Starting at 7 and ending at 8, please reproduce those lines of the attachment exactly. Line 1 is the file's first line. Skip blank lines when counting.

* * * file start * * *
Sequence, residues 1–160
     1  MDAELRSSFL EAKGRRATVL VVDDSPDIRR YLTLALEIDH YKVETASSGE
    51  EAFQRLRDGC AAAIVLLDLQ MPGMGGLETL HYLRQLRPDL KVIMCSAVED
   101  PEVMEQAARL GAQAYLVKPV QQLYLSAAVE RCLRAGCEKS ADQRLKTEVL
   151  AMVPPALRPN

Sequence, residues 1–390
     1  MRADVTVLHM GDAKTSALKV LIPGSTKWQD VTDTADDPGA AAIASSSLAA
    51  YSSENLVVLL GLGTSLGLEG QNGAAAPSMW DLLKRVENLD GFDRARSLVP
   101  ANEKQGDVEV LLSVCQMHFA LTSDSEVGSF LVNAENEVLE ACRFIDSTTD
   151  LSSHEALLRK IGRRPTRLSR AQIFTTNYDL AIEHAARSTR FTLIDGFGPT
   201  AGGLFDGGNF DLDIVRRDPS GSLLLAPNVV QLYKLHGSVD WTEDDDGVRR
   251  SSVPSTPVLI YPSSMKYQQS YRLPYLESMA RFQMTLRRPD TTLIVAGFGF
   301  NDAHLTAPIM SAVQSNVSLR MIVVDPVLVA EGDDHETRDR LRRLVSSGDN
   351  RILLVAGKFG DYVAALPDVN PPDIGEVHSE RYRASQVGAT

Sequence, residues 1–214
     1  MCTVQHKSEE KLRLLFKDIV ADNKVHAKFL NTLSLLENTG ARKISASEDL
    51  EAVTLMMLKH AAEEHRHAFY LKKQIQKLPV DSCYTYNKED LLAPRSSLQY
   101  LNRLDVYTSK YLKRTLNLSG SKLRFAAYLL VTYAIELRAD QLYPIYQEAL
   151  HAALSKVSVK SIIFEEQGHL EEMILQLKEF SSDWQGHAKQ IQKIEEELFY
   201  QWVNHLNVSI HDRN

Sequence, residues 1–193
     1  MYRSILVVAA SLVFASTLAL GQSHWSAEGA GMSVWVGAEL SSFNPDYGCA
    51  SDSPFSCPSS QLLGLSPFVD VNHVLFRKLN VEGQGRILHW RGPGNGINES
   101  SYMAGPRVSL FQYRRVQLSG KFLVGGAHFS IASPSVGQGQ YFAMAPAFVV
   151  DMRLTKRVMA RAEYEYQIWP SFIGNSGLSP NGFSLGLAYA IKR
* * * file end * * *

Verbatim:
     1  MRADVTVLHM GDAKTSALKV LIPGSTKWQD VTDTADDPGA AAIASSSLAA
    51  YSSENLVVLL GLGTSLGLEG QNGAAAPSMW DLLKRVENLD GFDRARSLVP